Jaswinder Blackwell-Pal

The Low Road

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When Dominic Cooke took over as artistic director of the Royal Court Theatre in 2006 he announced his intention to produce plays which "explore what it means to be middle class...and what it means to have wealth".

That has indeed been a feature of his reign, but it has also been marked by radical work such as Lucy Prebble's Enron and Caryl Churchill's 7 Jewish Children.

Cooke's final play for the theatre, The Low Road, written by Bruce Norris, continues in this politically charged vein. It is a funny, colourful and clever play about capitalism, set during the American Revolution but unashamed in its attempts to draw links with the current financial crisis.

Revolutionary Road

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Richard Yates

First published in 1961

Revolutionary Road, Richard Yates's first and greatest novel, has not always been considered a classic. During his lifetime Yates sold very few books and by the time he died in 1992 he had been largely forgotten. Over recent years the book has been rediscovered by a new layer of readers who are drawn to a novel that is a powerful and disturbing account of a family in crisis.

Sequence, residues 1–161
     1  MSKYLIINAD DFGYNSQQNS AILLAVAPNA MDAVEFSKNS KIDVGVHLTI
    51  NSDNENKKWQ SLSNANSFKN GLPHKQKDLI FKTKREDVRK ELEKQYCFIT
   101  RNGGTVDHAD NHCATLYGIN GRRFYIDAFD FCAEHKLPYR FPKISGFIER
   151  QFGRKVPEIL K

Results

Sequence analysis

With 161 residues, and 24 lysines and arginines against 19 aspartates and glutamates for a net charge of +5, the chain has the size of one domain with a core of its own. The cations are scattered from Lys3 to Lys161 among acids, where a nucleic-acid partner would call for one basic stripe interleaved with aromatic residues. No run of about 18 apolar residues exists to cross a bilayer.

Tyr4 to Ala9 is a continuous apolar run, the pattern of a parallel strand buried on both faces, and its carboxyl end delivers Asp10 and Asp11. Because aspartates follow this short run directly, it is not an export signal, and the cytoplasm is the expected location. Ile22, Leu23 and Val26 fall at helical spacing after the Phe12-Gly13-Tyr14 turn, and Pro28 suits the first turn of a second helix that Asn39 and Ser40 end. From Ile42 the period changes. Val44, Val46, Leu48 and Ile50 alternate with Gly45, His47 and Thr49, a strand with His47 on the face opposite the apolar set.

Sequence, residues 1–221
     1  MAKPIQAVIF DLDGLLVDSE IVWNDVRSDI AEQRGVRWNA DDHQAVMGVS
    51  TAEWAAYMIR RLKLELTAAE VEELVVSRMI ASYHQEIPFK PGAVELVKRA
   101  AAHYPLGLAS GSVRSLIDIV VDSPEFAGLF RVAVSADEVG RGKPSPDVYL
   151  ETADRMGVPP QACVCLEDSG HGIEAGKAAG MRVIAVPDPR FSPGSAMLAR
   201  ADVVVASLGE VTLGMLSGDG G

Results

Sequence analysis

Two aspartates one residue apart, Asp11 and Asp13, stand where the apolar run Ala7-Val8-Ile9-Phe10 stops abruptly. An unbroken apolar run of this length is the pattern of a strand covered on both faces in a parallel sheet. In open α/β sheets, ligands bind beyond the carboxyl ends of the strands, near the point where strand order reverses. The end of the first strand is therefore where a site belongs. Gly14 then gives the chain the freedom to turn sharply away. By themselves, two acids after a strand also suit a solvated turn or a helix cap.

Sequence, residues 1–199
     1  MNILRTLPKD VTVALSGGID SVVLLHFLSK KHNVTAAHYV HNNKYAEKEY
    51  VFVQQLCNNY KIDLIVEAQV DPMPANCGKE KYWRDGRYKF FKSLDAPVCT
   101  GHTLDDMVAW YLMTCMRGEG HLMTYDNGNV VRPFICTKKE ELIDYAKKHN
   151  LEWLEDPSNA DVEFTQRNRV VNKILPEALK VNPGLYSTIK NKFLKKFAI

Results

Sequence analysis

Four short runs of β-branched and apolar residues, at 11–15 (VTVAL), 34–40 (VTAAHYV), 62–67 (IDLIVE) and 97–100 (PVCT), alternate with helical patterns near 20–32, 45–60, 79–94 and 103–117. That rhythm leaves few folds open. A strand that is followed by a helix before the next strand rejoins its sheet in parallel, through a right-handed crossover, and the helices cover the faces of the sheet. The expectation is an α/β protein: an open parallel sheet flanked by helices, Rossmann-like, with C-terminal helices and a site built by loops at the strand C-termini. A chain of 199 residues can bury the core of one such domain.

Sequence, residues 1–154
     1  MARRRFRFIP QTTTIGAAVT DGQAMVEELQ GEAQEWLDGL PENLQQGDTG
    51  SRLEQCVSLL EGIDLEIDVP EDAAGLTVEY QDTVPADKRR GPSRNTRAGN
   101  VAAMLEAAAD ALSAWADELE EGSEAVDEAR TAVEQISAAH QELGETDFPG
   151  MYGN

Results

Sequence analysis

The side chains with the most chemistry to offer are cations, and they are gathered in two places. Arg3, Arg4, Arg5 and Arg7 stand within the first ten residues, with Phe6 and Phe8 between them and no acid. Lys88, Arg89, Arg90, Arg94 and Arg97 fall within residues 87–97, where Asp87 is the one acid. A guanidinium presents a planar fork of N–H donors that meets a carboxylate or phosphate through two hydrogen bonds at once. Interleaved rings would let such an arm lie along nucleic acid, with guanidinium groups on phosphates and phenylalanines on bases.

The Knitting Circle Rapist Annihilation Squad

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Derrick Jensen and Stephanie Macmillan

It's surprising to open a book and find, on the very first page, the line "Brigitte didn't set out to be a revolutionary. She just wanted to make some fabulous sweaters", but Derrick Jensen's new novel is unusual in every way. It follows a group of women who realise, during one of their weekly knitting groups, that they have all been raped. When they find out that none of their attackers have ever faced justice they decide to take things into their own hands.

Plebs revolt

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The weekend running up to 20 October was a calamitous one for the Tories. It began when their chief whip, Andrew Mitchell, was forced to resign in the wake of the "plebgate" scandal, and things went downhill from there.

Mitchell was accused of swearing at a police officer outside Downing Street, telling him to remember his place and calling him a "fucking pleb". The police federation then called for him to be sacked, sparking a war of words between the Tories and the very force designed to protect their interests.

On the Road

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Directed by Walter Salez, released on 12 October

Adapting literature into film is always a tricky task, but perhaps even more so when the book in question is known as the era-defining "voice of its generation". On the Road, first published in 1957, documents the real-life adventures of writer Jack Kerouac (known in the novel as Sal Paradise) and his wild friend Neal Cassady (Dean Moriarty) as they race around the US in search of adventure and epiphany.

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